The cyclobutane molecule has been found by electron diffraction to have the following bond distances and bond angles: C–C, 1.568±0.02A; C–H, 1.098±0.04A; ∠HCH, 114±8°. On the average the ring is nonplanar, with dihedral angle 20° (+10°, −20°), but the equilibrium symmetry may be either D 2d (puckered ring) or D 4h (planar ring with low rigidity leading to large amplitude of out‐of‐plane bending). This point is discussed in connection with earlier spectroscopic work. The long bond distances found in four‐membered rings are contrasted against the short distances in three‐membered rings, and the strain energies, bond distances, and HCH angles of cycloalkanes are discussed in terms of modern valence concepts. It is suggested that the potential energy arising from a repulsion of the nonbonded carbon atoms may contribute significantly to the apparently anomalously high strain energy of cyclobutane. The repulsive force associated with such a potential is shown to account satisfactorily for the long C–C distances.
20(1952); http://dx.doi.org/10.1063/1.1700272View Description Hide Description
Cyclopropene, C3H4, has been investigated by the electron diffraction method. The cyclic structure is confirmed and the following interatomic distances and angles are found: C–C, 1.525±0.02 A; C=C, 1.286±0.04 A; 〈C–H〉, 1.087±0.04 A; ∠H–C–H, 118° (assumed); ∠C=C–H, 152±12°.
20(1952); http://dx.doi.org/10.1063/1.1700273View Description Hide Description
The absorptionspectrum of hydrogen sulfide in the region from 5000 to 5250 cm−1 has been measured and the rotational fine structure analyzed. The structure can be accounted for as arising from two vibrational transitions yielding a type A band centered at 5147 cm−1 and a type B band centered at 5145 cm−1. The excited state constants giving the best fit are type A band, A *=10.04, B *=8.68, C *=4.61 cm−1; type B band, A *=10.08, B *=8.68, C *=4.59 cm−1.
The frequencies and rotational band types indicate that these bands are the (n σ, n π, n δ)=(110) (type A) and the lower component of the resonating pair (020) (200) (type B).
20(1952); http://dx.doi.org/10.1063/1.1700274View Description Hide Description
The sorption kinetics for the system polyvinyl acetate‐acetone have been investigated both above and below 30°C, the second‐order transition temperature for the pure polymer. At 30, 40, and 50°C, the diffusion obeys Fick's law with a concentration‐dependent diffusion coefficient. With increasing acetone concentration the value of the diffusion coefficient increases strongly, and the energy of activation for diffusion decreases. At each temperature below 30°C, diffusion is Fickian only for sorption and desorption experiments where the solvent concentration is above a certain critical value. It was found, by comparison with the results of volume‐temperature measurements on the system polyvinyl acetate‐acetonyl acetone, that the temperature corresponding to a given critical concentration is the second‐order transition temperature for this polymer‐solvent mixture. Evidently, the changes which occur at the second‐order transition have a pronounced influence on the diffusion process.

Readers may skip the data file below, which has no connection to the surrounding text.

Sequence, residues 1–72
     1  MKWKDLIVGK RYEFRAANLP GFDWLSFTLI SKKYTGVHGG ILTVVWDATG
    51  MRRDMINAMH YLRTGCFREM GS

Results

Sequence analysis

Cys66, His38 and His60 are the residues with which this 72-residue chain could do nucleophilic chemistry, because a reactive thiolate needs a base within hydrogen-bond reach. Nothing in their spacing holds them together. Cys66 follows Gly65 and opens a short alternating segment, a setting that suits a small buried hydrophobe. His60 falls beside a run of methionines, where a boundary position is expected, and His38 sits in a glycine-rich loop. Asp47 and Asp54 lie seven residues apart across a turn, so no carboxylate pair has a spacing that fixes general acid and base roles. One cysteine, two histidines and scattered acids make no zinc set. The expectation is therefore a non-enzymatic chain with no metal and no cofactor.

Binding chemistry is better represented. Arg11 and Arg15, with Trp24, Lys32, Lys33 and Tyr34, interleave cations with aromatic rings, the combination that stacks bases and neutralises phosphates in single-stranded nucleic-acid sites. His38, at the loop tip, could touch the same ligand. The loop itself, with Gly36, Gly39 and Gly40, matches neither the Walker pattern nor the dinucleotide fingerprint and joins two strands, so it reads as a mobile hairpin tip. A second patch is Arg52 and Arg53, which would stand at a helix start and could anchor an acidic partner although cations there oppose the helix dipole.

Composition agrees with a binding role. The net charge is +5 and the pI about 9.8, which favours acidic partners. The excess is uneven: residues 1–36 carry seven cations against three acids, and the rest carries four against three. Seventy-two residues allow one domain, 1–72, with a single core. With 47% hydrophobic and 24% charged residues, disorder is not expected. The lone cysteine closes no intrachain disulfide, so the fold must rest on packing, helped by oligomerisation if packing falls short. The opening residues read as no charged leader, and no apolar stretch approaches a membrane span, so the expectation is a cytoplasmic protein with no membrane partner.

20(1952); http://dx.doi.org/10.1063/1.1700275View Description Hide Description
The infrared spectra of NF3 and PF3 have been investigated with a prism instrument in the range 250 cm−1 to 5000 cm−1. The fundamental frequencies are for NF3, ν1(A 1)=1032 cm−1, ν2(A 1)=647 cm−1, ν3(E)=905 cm−1, and ν4(E)=493 cm−1; and for PF3, ν1(A 1)=892 cm−1, ν2(A 1)=487 cm−1, ν3(E)=860 cm−1, and ν4(E)=344 cm−1. Force constants as well as thermodynamic functions are calculated for both molecules.
20(1952); http://dx.doi.org/10.1063/1.1700276View Description Hide Description
The Raman spectra of chloroacetyl chloride, bromoacetyl chloride, and bromoacetyl bromide have been measured in the solid and liquid states. The infrared absorption spectra of these substances have also been measured in the liquid and the gaseous states. From the experimental results it has been concluded that there are two rotational isomers in the liquid and gaseous states and only one of them persists in the solid state. The temperature dependence of the intensity of the infrared absorption in the gaseous state has also been studied, and the energy difference between these two isomers has been found as 1.0±0.1 kcal/mol for bromoacetyl chloride and 1.9±0.3 kcal/mol for bromoacetyl bromide.
The calculation of the normal vibrations and of the product rule has been made for various configurations of rotational isomers, and it has been shown that the more stable form is the trans form (or nearly this one) with regard to the two halogen atoms. The less stable form is considered to have an azimuthal angle between the two carbon‐halogen bonds of about 150°.
Kinetics of Decomposition of Nitric Oxide at Elevated Temperatures. II. The Effect of Reaction Products and the Mechanism of Decomposition20(1952); http://dx.doi.org/10.1063/1.1700277View Description Hide Description